And I think the American people ought to be proud of what this president has done in terms of peaceful, diplomatic engagement, rather than quick trigger deploying troops, starting or engaging in a war of choice. I think the President's on the right track. And I think we have the facts to prove it.

DAVID GREGORY:

Secretary Kerry, as always, thank you for your time.

SECRETARY JOHN KERRY:

Thank you.

(END TAPE)

DAVID GREGORY:

I'm joined now by Republican Senator Lindsey Graham of South Carolina. Senator, welcome back to the program.

SEN. LINDSEY GRAHAM:

Thank you.

DAVID GREGORY:

Lot to get to. Let me start on the Middle East and the war in Gaza. There are reports this morning of a serious escalation in fighting with heavier casualties as Israel has expanded its ground offensive. What are you hearing?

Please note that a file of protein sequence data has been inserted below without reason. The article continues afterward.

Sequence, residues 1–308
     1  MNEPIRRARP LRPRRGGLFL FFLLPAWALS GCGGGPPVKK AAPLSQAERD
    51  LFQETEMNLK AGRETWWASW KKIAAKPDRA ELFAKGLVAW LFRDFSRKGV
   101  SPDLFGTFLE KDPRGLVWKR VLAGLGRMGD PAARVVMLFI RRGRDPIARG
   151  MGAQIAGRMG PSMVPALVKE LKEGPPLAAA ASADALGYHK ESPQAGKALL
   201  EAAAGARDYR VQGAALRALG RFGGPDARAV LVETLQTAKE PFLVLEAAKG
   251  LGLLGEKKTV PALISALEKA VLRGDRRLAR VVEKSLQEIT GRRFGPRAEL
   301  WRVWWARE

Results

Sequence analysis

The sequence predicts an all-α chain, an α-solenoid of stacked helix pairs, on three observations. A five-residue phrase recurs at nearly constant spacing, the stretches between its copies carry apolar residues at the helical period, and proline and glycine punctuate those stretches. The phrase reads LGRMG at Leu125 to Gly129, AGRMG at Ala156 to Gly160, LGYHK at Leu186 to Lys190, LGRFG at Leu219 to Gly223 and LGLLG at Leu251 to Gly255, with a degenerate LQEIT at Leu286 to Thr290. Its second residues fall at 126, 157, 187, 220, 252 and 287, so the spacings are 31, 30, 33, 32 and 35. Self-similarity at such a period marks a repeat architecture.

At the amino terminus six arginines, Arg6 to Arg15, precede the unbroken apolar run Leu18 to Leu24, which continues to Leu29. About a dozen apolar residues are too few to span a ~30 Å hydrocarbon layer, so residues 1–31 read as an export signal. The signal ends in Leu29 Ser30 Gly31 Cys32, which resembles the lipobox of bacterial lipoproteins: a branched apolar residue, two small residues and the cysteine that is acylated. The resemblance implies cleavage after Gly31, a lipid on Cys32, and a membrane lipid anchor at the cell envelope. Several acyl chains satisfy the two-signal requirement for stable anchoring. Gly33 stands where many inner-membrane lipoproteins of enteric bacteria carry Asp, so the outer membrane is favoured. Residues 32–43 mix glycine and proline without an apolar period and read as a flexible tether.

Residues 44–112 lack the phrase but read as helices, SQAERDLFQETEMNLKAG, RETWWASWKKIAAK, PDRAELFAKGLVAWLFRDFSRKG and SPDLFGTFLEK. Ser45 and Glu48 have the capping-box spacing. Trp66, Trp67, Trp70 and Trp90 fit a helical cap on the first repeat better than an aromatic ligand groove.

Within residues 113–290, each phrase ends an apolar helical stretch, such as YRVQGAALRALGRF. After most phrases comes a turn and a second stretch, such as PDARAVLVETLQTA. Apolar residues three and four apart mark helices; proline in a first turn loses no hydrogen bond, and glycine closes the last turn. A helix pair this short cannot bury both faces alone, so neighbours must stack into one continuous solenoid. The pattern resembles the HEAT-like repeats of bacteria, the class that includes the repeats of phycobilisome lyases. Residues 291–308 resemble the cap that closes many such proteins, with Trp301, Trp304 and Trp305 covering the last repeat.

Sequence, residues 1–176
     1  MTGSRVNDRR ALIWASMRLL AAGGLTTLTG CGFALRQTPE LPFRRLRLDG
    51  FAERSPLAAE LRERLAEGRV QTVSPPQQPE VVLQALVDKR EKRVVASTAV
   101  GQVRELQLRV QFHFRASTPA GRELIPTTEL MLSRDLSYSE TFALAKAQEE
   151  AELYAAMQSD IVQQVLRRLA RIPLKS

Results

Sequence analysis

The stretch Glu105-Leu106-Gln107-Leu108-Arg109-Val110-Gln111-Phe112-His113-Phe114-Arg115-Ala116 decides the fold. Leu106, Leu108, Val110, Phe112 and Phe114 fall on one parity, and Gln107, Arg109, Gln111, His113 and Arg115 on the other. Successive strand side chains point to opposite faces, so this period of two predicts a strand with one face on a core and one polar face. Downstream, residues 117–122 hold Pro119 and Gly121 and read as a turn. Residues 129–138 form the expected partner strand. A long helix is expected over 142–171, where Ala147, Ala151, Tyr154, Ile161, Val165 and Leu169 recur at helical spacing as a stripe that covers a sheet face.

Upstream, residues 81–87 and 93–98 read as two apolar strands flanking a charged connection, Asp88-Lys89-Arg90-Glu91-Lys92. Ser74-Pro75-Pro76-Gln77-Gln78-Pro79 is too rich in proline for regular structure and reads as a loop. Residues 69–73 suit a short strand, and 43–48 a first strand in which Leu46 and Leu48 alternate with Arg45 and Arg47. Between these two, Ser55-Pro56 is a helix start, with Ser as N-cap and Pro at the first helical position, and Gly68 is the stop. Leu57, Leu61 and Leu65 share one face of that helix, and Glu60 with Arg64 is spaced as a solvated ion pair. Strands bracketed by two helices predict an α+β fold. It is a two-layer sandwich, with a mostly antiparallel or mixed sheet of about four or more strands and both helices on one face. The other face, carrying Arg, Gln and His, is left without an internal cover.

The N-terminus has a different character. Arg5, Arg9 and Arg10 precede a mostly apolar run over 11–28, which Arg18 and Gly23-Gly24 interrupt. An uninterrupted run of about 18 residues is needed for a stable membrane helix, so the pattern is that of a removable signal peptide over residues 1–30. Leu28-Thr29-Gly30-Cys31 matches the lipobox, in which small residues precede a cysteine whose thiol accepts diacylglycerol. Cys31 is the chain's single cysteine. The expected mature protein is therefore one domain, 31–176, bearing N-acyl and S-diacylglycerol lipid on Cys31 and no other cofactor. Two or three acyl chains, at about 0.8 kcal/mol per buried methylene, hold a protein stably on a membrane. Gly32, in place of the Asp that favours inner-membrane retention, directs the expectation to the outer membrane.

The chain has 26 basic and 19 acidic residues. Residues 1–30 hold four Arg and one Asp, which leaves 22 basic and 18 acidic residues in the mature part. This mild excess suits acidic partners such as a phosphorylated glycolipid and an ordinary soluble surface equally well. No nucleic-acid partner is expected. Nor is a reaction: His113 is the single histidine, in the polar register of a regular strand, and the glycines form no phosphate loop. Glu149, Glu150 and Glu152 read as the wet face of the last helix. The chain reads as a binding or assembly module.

SEN. LINDSEY GRAHAM:

I'm hearing there may be some Israelis casualties coming from the tunnels where they come out into Israel. But my view of the Israeli operation: Stay as long as you need to stay, go wherever you need to go, do deal with a viper's nest called Hamas. If not the number of casualties that determines the moral outcome here, there are more German soldiers got killed than American soldiers. If I were Israel, I would stay in Gaza as long as I needed to, to stop the rockets for good.

DAVID GREGORY:

When you see a ground operation moving in this direction, and you see, again, an operation that may be resulting in heavier Israeli casualties, what do you think that means? Do you have any words of caution for Israel at this point? Do you think the government, do you think the administration will seek to caution Israel?

SEN. LINDSEY GRAHAM: